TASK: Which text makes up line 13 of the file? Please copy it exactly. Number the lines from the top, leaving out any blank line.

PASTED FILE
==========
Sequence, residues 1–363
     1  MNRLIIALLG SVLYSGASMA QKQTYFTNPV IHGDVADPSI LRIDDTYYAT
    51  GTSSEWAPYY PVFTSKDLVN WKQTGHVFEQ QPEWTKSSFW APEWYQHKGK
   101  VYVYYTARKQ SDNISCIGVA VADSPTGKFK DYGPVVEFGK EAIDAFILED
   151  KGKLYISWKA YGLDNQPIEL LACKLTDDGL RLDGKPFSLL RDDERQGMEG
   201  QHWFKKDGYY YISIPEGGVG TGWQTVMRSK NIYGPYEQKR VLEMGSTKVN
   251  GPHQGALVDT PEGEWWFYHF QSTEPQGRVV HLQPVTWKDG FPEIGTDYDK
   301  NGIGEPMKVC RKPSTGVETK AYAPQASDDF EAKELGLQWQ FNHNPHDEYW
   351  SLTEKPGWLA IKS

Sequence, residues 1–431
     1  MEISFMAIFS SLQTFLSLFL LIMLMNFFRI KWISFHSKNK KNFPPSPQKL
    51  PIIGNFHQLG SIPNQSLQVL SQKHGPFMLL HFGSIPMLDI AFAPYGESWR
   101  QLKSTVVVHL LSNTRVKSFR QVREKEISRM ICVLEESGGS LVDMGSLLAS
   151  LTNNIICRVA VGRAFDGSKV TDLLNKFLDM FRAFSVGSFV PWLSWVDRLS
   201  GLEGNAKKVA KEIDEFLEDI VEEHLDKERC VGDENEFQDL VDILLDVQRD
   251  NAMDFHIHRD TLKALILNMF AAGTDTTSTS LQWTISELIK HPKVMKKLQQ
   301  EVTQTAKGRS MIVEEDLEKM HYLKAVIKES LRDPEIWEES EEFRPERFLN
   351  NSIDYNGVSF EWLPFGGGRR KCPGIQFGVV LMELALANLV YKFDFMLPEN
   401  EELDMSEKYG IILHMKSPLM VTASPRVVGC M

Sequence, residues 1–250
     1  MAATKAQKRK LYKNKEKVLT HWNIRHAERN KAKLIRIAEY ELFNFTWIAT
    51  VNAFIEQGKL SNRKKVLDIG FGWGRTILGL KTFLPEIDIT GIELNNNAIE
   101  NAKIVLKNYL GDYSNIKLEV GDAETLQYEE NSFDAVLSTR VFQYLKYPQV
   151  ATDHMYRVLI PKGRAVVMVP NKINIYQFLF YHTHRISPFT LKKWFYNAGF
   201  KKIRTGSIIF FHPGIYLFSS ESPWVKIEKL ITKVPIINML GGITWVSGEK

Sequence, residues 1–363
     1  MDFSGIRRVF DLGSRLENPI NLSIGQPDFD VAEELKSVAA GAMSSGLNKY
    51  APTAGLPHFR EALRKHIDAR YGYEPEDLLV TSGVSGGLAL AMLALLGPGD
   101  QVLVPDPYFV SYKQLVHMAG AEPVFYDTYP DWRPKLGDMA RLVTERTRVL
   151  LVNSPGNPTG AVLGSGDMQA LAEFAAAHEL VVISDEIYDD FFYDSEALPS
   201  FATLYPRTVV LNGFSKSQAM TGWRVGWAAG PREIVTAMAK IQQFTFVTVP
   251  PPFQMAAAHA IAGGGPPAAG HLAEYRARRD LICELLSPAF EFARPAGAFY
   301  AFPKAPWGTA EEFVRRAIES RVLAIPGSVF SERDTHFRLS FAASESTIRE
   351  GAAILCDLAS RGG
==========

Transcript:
   101  QLKSTVVVHL LSNTRVKSFR QVREKEISRM ICVLEESGGS LVDMGSLLAS